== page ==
In an opinion piece published this morning by the News and Observer, Hendersonville high school English teacher Chris Gilbert acknowledges the recent pay raise bestowed upon teachers by state lawmakers (significant for some and minuscule for others), but says he believes it is not demonstrative of politicians’ renewed commitment to public education.
Now, certain politicians can claim [the teacher pay raise of 2014] represents a renewed commitment to public education, and they secretly hope the pay increase will distract us from recent events that challenge this false narrative and reveal their true intentions.
We, however, have not forgotten the recent past.
We remember the recent plan to “reward” the top 25 percent of a district’s educators with small raises in exchange for relinquishing due process rights.
We remember that North Carolina’s teachers were recently among the lowest paid in the country.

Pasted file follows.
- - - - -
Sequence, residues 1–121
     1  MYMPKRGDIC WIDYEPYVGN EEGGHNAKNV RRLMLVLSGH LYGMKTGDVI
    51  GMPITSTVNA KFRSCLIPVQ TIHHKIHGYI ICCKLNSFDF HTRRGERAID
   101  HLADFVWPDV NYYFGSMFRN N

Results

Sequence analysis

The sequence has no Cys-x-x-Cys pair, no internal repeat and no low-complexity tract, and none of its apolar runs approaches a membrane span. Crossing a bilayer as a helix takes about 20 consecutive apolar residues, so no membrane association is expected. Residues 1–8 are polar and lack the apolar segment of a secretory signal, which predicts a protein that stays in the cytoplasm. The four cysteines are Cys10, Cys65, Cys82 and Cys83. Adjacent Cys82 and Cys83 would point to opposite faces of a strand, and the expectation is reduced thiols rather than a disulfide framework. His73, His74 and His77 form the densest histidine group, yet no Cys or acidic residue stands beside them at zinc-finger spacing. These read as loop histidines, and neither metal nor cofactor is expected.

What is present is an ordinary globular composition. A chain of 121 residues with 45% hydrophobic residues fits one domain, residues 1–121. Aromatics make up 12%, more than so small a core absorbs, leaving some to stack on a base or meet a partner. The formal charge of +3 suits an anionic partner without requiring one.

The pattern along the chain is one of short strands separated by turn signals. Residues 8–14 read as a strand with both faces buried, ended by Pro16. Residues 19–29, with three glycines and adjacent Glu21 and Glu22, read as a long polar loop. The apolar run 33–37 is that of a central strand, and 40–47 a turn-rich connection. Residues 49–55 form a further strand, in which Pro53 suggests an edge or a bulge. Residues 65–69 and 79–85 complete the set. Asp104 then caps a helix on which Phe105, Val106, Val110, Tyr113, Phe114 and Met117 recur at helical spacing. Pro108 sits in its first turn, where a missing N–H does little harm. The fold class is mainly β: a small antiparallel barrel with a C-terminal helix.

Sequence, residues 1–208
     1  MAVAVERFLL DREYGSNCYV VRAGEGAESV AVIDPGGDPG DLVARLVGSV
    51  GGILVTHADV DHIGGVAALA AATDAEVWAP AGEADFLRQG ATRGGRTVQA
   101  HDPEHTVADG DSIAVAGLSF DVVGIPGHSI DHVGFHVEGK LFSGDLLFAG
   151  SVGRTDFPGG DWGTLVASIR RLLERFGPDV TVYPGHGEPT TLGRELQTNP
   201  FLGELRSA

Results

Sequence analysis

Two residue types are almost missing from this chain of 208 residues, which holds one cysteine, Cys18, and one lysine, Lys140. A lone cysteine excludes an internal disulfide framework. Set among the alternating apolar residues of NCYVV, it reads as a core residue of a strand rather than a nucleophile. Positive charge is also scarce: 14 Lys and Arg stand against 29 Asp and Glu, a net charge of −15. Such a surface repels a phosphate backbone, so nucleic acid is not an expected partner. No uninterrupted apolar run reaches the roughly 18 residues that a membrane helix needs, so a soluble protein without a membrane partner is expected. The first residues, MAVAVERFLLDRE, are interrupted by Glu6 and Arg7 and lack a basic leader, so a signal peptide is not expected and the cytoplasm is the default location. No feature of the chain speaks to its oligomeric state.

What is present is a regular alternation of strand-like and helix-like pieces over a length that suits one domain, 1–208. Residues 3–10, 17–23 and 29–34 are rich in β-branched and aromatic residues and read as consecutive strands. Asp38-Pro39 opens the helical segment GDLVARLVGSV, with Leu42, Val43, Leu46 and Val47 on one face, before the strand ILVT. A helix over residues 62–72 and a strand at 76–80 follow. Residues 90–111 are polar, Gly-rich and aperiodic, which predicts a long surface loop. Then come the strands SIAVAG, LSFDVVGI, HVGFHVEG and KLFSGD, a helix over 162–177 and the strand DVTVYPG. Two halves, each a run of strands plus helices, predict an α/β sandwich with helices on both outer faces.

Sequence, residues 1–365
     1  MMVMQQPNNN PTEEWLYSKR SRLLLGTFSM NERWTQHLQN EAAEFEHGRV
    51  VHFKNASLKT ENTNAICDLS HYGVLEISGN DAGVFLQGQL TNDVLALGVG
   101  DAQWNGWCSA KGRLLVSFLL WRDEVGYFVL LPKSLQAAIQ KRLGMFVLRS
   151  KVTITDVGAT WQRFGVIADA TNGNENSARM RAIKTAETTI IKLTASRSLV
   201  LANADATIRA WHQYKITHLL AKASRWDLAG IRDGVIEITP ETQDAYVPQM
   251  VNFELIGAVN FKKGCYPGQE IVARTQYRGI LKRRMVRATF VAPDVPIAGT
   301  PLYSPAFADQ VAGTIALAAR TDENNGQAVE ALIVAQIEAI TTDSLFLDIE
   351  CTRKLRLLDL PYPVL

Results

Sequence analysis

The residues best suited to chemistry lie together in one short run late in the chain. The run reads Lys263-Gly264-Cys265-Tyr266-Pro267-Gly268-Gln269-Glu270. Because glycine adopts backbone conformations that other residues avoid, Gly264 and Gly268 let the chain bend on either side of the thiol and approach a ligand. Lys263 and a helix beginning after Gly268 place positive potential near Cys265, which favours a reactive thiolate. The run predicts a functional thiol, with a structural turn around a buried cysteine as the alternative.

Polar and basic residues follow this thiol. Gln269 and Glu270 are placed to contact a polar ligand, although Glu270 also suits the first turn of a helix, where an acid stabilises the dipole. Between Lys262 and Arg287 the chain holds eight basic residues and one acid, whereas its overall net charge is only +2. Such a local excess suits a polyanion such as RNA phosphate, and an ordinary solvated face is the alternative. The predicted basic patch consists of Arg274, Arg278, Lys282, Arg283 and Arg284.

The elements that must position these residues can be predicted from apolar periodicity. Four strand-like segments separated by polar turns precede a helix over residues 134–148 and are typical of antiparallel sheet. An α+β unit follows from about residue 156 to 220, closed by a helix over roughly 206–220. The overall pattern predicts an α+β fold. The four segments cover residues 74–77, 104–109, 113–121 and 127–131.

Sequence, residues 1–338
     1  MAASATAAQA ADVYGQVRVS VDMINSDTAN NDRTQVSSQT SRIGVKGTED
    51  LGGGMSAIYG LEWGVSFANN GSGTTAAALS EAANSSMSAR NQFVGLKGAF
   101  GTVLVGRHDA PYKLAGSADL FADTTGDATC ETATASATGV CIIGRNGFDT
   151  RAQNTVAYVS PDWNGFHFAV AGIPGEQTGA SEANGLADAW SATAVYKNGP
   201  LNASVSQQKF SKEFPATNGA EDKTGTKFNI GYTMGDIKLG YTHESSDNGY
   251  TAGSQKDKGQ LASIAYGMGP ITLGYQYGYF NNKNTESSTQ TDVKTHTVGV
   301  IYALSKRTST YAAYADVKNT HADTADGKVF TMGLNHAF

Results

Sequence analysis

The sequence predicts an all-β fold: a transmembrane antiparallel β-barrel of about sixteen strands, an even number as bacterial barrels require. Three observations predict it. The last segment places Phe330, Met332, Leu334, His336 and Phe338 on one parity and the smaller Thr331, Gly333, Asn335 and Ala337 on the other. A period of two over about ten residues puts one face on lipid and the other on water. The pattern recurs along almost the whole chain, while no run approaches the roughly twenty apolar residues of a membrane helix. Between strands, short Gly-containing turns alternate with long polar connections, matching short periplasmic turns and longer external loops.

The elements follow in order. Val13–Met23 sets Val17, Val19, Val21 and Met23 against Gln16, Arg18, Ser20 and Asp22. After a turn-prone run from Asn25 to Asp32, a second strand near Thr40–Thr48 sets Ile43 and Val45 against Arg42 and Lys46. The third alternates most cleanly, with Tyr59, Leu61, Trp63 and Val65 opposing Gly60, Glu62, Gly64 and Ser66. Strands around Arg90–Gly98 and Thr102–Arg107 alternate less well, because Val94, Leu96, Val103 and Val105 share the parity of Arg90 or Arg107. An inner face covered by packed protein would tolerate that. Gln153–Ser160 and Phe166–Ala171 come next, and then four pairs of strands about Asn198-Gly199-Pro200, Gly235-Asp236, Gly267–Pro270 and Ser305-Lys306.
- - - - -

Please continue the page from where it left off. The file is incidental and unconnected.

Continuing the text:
We remember the passing of a state budget that led various districts to cut teacher assistants.
We remember a damaging bill passed last year that eliminated class size caps in early grades.
We remember the reduction of textbook funding from over $111 million in 2009 to $23.3 million in 2014.
We remember the implementation of the unconstitutional voucher program that siphons funds from public education to private schools.
We remember changes to the tax structure that have decreased revenue and threatened sustainable funding for teacher pay, our education system and other essential services.This list could certainly continue, but the point should be clear: Recent state history reveals serious intent, and multiple attempts, to dismantle public education in order to justify privatization and create profit opportunities in the public sector.